It’s such an honor to be a Warrior Mom – to be that driving force under our children’s wings that helps them soar, hope and dream. Granted, I won’t always be able to get up early and make my son’s life easier. In fact, doing so would not even be beneficial to him. This is why he does his own laundry, makes his own bed and cleans his own bathroom. He needs to understand that I am not his maid, and he needs to be accountable for himself. I don’t want to raise a young man who doesn’t know how to start a washing machine, and/or who thinks he’s above cleaning toilets. Humbleness and helping himself and others is just as important (actually more so) than handsomeness. But for today, I was able to “make life easier” for him, and as I arrived home from the grocery store at 7:35, poured milk (praise God) in my coffee, and made that turkey and pepperoni sandwich, I smiled. It is my hope and prayer that the things I do for my son (like getting up early to ensure he has what he needs for day) will transcend from me, to him, into all of his relationships, especially with his relationship with Christ.
I notice that by making life easier for others, it means that I experience inconvenience and sacrifice. I notice that God did the same for us by sending His Son to die for our sins. Please know that I am in no way comparing my grocery store trip to the cross, but I am making the observation that when we commit to serve others, it means that we endure the work of that act. Easier for others=Inconvenience for ourselves. But I believe that it is so much more rewarding to give than to receive. In close, I pray that Jacob is the type of man who will rise up early for his wife, his children, his friends, and for strangers - and especially for God in order that he too can experience the blessing, honor, and thankfulness for his role as a servant and a Warrior for the cause of Christ.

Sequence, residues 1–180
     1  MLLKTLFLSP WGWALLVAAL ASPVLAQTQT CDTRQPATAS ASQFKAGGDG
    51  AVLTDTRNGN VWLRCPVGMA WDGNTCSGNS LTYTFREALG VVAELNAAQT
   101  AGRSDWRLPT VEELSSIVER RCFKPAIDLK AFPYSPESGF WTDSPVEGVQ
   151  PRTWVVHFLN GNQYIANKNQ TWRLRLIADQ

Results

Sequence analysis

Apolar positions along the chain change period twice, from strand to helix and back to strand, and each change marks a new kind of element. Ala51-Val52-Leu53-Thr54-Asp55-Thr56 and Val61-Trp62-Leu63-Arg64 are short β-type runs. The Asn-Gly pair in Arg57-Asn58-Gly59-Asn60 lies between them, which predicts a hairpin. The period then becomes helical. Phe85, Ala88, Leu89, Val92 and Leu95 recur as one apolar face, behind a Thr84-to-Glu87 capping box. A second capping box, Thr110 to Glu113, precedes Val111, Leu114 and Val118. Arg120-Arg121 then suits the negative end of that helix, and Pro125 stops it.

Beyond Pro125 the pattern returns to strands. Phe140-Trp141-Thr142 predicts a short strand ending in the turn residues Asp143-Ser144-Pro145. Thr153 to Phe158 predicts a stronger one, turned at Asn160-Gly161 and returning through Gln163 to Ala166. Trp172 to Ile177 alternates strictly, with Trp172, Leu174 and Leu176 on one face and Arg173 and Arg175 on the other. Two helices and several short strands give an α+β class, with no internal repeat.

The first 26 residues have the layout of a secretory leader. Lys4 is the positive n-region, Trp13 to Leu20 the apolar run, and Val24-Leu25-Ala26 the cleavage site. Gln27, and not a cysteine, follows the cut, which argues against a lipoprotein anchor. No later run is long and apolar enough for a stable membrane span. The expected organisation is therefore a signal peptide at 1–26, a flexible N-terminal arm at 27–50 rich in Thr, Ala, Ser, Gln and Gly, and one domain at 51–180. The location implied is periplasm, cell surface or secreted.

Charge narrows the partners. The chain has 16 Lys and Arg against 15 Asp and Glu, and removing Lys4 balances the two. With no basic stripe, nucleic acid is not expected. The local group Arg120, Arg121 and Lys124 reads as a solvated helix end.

“Come to me, all you who are weary and burdened, and I will give you rest. Take my yoke upon you and learn from me, for I am gentle and humble in heart, and you will find rest for your souls. For my yoke is easy and my burden is light.”
“He makes his angels winds, his servants flames of fire.”
I pray that your passionate service as a Warrior ignites a fire of love and grace in your life - and in every life that you touch.
Kristina Seymour loves to encourage and equip women through the Word and through community. She is the author of The Warrior Mom Handbook, The Warrior Mom Leadership Manual, and The Warrior Wife Handbook; they are available at Amazon.com. Kristina's Bible studies are for women who desire to live by faith in the midst of their everyday lives. She has learned that women can't survive on caffeine and animal crackers alone; women in the Word and in community are united and able to stand firm. To learn more about Kristina, please visit her website, https://kristinaseymour.com/. God loves to share His story of love and grace through us all, and Kristina believes that everyone has a story to tell.